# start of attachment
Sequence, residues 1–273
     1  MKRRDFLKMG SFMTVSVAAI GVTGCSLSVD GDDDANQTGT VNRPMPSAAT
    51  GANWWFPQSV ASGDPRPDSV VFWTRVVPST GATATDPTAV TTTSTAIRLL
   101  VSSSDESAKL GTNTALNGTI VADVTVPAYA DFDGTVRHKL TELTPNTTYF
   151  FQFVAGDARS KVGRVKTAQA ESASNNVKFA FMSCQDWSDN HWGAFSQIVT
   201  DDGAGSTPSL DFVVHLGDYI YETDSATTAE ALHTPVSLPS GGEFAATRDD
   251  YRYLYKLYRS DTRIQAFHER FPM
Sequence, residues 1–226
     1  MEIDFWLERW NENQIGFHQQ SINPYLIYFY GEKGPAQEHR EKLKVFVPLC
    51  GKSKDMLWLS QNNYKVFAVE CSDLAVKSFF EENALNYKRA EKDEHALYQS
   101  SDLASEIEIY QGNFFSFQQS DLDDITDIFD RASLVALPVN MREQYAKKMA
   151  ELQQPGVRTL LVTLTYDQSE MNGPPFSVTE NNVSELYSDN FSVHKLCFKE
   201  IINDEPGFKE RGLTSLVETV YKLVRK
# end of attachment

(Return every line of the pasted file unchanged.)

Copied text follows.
Sequence, residues 1–273
     1  MKRRDFLKMG SFMTVSVAAI GVTGCSLSVD GDDDANQTGT VNRPMPSAAT
    51  GANWWFPQSV ASGDPRPDSV VFWTRVVPST GATATDPTAV TTTSTAIRLL
   101  VSSSDESAKL GTNTALNGTI VADVTVPAYA DFDGTVRHKL TELTPNTTYF
   151  FQFVAGDARS KVGRVKTAQA ESASNNVKFA FMSCQDWSDN HWGAFSQIVT
   201  DDGAGSTPSL DFVVHLGDYI YETDSATTAE ALHTPVSLPS GGEFAATRDD
   251  YRYLYKLYRS DTRIQAFHER FPM
Sequence, residues 1–226
     1  MEIDFWLERW NENQIGFHQQ SINPYLIYFY GEKGPAQEHR EKLKVFVPLC
    51  GKSKDMLWLS QNNYKVFAVE CSDLAVKSFF EENALNYKRA EKDEHALYQS
   101  SDLASEIEIY QGNFFSFQQS DLDDITDIFD RASLVALPVN MREQYAKKMA
   151  ELQQPGVRTL LVTLTYDQSE MNGPPFSVTE NNVSELYSDN FSVHKLCFKE
   201  IINDEPGFKE RGLTSLVETV YKLVRK